LOOK TO OUR PAST . . .
As we envision the future of the Evangelical Congregational Church, it is important to look to our past and celebrate the “streams of influence” that have shaped and molded our church. Richard Foster’s book, Streams of Living Water: Celebrating the Great Traditions of Christian Faith, was the inspiration for this view of E.C. history. The people and events of the last 200 years support this view.
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The Evangelical Congregational Church has been shaped and molded by four great streams of influence.
First, there is the stream of evangelism.
In 1785, Jacob and Catharine Albright married and established their home at Fry’s Mill near Hahnstown, Lancaster County, Pennsylvania. They affiliated with the nearby Bergstrasse Lutheran Church and occasionally had contact with itinerant Reformed Church evangelists, Revs. William Otterbein and Anthony Houtz. In 1790, several of Albright’s children died of dysentery and he and Mrs. Albright asked Rev. Houtz to preach the funeral sermons. Albright was deeply affected by Houtz’s evangelistic preaching and eventually surrendered his life to Christ. Jacob Albright was born again by faith in Jesus Christ alone!
Albright grew in the grace and knowledge of Jesus Christ as he faithfully studied God’s Word and developed his prayer life. In 1796, Albright yielded to God’s call to ministry. He writes “I began my travels in the year 1796 in the month of October in order to obey the call of God in proclaiming his holy will as revealed in the Gospel.” (Albright, Raymond W. A History of the Evangelical Church, p. 43) Many homes were opened to Albright as “preaching places” and Albright boldly preached the Gospel. By 1800, Albright had formed three classes (small groups of believers engaged in Bible study, prayer and spiritual accountability) with approximately 20 believers. By 1803, the number had grown to five classes with 40 believers. Men and women, even entire households, had been brought to faith in Christ under the preaching and oversight of Albright.
The newly organized church, the Evangelical Association, grew as preachers were sent to cities and villages to preach the Gospel. The early growth of our church was directly related to the evangelistic fervor of our preachers and lay leaders. By 1875, the Evangelical Association had more than 95,000 members. By 1891, the number of church members had grown to 150,000. God was honoring the evangelistic endeavors of the church, endeavors that reached beyond the shores of the United States into the countries of Japan, Germany and Switzerland. We were true to our name! We were EVANGELICALS!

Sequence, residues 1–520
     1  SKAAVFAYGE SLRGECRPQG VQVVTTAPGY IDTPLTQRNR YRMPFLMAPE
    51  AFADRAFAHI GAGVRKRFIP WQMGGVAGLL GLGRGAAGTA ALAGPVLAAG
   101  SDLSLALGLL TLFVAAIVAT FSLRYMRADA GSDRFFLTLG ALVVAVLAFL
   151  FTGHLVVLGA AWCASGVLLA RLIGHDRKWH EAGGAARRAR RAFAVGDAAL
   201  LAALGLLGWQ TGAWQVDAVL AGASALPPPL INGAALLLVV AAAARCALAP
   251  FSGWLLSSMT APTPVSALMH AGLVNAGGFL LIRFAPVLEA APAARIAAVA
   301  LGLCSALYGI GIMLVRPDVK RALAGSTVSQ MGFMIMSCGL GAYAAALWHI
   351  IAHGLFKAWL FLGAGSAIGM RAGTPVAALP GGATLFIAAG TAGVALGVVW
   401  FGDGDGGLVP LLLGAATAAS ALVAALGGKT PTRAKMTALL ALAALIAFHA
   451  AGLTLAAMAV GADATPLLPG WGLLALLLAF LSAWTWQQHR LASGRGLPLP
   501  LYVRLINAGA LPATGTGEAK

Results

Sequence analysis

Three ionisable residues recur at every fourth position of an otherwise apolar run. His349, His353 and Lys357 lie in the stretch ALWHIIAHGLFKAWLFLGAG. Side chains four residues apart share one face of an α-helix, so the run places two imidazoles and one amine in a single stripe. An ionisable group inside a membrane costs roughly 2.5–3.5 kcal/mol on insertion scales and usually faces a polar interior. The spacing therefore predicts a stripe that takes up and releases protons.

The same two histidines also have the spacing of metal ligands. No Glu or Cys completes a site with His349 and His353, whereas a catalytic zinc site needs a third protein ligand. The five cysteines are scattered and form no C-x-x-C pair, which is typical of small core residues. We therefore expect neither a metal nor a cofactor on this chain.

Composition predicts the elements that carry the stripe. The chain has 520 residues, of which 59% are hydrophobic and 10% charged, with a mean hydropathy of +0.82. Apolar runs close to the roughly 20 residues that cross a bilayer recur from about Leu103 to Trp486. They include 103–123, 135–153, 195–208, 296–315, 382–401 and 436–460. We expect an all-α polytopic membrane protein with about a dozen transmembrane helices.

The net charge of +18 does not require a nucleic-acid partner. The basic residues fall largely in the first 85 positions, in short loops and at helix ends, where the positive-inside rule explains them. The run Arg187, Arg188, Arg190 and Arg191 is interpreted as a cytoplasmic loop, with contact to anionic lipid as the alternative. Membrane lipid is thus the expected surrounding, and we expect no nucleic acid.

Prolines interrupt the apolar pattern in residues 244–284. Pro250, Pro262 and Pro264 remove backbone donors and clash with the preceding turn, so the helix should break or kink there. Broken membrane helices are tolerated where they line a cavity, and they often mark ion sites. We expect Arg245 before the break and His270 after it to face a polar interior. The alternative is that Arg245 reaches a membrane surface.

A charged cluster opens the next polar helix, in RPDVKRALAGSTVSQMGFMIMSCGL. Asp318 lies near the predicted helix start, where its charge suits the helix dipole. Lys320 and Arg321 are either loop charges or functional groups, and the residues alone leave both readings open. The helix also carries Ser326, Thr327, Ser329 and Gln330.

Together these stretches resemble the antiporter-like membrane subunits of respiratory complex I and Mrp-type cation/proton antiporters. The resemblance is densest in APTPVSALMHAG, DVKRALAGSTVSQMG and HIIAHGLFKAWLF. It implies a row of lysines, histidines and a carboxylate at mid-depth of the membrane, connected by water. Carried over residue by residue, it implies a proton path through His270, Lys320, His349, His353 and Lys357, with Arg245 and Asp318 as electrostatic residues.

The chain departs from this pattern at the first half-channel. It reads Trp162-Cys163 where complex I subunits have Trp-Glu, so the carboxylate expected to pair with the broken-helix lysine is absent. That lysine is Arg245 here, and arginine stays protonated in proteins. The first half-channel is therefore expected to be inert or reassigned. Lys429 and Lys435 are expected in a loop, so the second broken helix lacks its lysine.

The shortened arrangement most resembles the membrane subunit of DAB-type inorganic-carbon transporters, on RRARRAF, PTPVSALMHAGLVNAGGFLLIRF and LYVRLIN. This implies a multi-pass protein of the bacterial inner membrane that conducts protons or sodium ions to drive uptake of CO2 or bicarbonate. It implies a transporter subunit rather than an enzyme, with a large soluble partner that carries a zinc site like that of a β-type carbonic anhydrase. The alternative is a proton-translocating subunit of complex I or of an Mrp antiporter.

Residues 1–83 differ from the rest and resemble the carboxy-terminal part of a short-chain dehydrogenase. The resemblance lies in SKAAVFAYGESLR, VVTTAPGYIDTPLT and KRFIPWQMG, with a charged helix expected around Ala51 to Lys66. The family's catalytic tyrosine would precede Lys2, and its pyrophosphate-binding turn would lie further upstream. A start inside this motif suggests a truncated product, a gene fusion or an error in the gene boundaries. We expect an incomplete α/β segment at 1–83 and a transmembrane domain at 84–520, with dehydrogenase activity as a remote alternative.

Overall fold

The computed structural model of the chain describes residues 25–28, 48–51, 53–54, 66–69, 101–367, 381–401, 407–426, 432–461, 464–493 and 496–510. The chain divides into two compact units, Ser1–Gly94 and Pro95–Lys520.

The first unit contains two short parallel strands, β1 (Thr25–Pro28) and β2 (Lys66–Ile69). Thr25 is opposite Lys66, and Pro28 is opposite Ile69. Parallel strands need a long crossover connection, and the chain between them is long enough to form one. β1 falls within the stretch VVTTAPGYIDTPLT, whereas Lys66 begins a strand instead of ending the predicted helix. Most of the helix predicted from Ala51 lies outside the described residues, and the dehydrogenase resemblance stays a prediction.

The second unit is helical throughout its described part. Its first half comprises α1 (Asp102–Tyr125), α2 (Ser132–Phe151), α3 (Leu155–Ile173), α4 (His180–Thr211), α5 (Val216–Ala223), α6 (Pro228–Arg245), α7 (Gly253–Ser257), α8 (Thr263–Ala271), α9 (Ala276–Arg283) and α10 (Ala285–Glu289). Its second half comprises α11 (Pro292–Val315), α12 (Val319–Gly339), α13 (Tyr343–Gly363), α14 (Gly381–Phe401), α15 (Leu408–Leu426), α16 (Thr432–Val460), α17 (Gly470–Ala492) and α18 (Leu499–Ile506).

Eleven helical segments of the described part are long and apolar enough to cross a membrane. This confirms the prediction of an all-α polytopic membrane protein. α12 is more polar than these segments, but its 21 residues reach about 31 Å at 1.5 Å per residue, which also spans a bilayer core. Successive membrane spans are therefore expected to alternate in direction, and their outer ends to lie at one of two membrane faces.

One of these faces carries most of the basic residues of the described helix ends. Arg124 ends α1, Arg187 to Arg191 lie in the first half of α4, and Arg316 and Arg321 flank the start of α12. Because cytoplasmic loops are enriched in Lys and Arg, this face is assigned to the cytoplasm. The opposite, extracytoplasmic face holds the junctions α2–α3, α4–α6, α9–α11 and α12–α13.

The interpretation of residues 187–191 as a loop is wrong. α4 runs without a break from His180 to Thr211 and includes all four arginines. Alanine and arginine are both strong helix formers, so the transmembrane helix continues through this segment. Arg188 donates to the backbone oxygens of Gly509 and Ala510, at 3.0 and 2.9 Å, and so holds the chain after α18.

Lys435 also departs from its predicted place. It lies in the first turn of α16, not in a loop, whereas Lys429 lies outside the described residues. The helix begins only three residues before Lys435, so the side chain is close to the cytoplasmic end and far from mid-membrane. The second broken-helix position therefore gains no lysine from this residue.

The second stream of influence is the stream of pietism.
After Albright trusted in Christ for his salvation, he had a hunger for God’s Word and a desire to obey God’s will. He forsook the religious formality with which he had been familiar and sought after personal piety or an ever-deepening devotion to the Lord nurtured by the disciplines of the Christian faith. God met Albright’s spiritual needs by providing mentors who lived a short distance from Albright’s home.
Everyday, Albright went to the home of Adam Reigel, a lay preacher of the Church of the United Brethren in Christ, for instruction in the Christian faith. Feeling the need for a “church relationship,” Albright joined a Methodist class that was led by his neighbor, Isaac Davies. Jacob Albright devoted himself to prayer and fasting. He daily studied the Bible and he became accountable to Christian brothers for “the condition of his soul.”
Personal piety marked the development of our church as well. Albright chose the Methodist class structure as the organizational structure of the Evangelical Association. From its beginning, our church tradition has emphasized the necessity of a growing devotion to Christ as evidenced by prayer, Bible study and spiritual accountability. These class meetings eventually became prayer meetings. Today, they are called “small groups” or “cell groups.”
The third stream of influence is the stream of holiness.
Albright’s close association with Methodism brought the doctrine of Christian perfection or holiness to our church. This doctrine has had a prominent place in the church’s Discipline where it is still described as “one of the cherished doctrines of the Evangelical Congregational Church.”
Our church affirms that “entire sanctification, or Christian perfection, is a state of righteousness and true holiness, which every regenerate believer may attain. It consists in being cleansed from all sin, loving God with all the heart, soul, mind, and strength, and loving our neighbor as ourselves. This gracious state of perfect love is attainable in this life by faith, both gradually and instantaneously, and should be earnestly sought by every child of God; but it does not deliver us from the infirmities, ignorance and mistakes which are common to man.” (Discipline, Article of Faith 111)